As a newbie in the circle of ML / DL teachers, I'm very humble.  I sit at the feet of favorite teachers and sponge it up, tasking my own neural net to re-weight and re-bias as necessary.  Get to the bottom of all these meanings.  Investigate.  Don't assume, coming in, that your namespace is well-tempered (well-tuned).

My approach is two-track.  First, I've somewhat abandoned doing everything in Sphinx, not because I have any issues with Sphinx, but because of my own weaknesses and shortcomings with regard to Github.  There's a final step wherein documentation might "go live" in world-readable (open source) space, but I'm not taking it.  Second, I'm staying with Python.

Track One:  manual skills, like when gardening, you need to know how to use a spade, trowel, shovel, bucket, weed whacker and so on. 

Track Two:  conceptual grasp.  The latter comes slowly or at least at its own rate, less under conscious control, whereas practicing with matplotlib, numpy, pandas and scikit-learn APIs is eminently doable of one's own volition.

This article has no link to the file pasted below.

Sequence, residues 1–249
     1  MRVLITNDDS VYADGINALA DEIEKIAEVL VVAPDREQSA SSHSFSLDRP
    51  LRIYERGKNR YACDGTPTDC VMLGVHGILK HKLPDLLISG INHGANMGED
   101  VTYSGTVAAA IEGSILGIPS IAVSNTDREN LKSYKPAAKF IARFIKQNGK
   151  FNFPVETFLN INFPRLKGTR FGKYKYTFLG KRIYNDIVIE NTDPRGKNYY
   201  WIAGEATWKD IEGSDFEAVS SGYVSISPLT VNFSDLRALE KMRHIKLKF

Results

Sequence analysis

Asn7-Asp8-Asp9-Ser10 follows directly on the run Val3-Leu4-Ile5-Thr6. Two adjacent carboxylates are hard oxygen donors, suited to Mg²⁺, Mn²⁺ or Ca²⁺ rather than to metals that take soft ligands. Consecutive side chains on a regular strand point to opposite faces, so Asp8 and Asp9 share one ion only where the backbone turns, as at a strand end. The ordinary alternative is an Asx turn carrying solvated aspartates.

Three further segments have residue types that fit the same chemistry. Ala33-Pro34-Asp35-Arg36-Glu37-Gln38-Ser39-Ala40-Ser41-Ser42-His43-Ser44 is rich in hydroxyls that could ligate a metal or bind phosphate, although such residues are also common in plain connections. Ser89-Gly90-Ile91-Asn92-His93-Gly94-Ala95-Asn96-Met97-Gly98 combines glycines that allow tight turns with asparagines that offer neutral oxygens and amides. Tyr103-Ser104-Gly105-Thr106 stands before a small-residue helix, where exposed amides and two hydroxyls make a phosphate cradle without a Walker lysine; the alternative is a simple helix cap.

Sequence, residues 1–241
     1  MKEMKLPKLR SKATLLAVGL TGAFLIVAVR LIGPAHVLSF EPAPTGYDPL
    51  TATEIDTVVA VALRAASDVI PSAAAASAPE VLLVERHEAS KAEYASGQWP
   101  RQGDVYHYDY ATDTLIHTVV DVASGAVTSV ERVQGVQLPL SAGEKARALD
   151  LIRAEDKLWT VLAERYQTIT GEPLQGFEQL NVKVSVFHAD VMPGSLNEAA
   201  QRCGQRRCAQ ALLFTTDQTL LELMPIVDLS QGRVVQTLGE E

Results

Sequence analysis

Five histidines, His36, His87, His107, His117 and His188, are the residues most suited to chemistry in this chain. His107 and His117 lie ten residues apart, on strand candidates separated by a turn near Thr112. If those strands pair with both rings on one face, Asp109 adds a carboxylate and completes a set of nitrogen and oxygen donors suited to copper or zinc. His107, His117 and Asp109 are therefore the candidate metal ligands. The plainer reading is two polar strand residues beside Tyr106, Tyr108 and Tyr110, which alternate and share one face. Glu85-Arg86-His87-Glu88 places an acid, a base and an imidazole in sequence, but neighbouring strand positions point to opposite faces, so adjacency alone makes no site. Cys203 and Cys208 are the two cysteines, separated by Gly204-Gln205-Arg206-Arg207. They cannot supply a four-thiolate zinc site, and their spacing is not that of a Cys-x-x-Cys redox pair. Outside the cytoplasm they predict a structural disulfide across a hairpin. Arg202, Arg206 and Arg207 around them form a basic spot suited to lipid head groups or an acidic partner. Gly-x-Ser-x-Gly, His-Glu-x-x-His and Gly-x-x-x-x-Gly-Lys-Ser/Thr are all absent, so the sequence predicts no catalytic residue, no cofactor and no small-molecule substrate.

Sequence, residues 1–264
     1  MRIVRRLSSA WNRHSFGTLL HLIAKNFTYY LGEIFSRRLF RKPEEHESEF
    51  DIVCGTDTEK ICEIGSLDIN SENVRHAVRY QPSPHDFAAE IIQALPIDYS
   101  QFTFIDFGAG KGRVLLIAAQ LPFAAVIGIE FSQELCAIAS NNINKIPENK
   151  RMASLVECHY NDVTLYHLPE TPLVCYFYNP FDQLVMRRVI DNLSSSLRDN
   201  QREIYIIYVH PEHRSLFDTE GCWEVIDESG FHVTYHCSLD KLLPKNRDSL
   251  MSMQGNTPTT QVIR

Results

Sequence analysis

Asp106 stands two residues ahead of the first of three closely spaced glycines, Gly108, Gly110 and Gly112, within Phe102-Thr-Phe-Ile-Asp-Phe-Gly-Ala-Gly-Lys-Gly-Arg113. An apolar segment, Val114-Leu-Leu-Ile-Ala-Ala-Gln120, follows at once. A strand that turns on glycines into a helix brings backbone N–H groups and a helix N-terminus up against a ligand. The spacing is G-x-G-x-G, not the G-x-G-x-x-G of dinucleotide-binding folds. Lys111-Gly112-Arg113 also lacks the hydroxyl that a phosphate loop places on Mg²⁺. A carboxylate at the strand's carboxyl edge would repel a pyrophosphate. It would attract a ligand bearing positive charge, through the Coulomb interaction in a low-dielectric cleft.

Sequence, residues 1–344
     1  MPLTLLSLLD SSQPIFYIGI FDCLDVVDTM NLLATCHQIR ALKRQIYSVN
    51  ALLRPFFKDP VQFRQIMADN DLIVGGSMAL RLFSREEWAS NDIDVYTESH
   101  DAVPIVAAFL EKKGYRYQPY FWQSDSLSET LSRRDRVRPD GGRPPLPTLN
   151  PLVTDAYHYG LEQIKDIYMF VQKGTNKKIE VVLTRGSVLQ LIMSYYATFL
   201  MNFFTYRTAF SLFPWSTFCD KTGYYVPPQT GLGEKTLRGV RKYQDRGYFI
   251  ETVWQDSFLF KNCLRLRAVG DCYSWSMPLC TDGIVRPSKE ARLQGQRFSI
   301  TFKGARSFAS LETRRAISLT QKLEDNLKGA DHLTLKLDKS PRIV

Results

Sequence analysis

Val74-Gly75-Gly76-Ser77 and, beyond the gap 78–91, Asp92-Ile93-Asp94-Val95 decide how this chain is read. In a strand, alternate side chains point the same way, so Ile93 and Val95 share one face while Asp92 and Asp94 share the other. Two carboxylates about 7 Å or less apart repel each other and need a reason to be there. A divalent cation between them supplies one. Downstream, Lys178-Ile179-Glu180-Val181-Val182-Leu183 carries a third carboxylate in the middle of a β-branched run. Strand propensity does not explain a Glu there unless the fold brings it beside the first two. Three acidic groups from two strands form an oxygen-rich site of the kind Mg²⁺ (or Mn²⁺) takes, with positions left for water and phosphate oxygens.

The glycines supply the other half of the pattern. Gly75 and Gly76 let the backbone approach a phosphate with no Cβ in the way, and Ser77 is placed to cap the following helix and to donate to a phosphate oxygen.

My focus is on polishing Track One manual skills and remaining patient with the "slow dawning" that is the gradual emergence (surfacing) of any knowledge domain.  I can't rush Track Two whereas if I burn the candle at both ends, I can practice the way athletes practice:  you keep at it.

Keeping these tracks separate has one big advantage:  I don't have to apologize for taking the ten thousand foot view and going for broke on Track Two, all out of proportion to what my manual skills yet allow.  I'm barely able to dig a trench yet am already studying the intricacies of orchid raising, or beekeeping (not usually considered part of gardening, but then really everything is).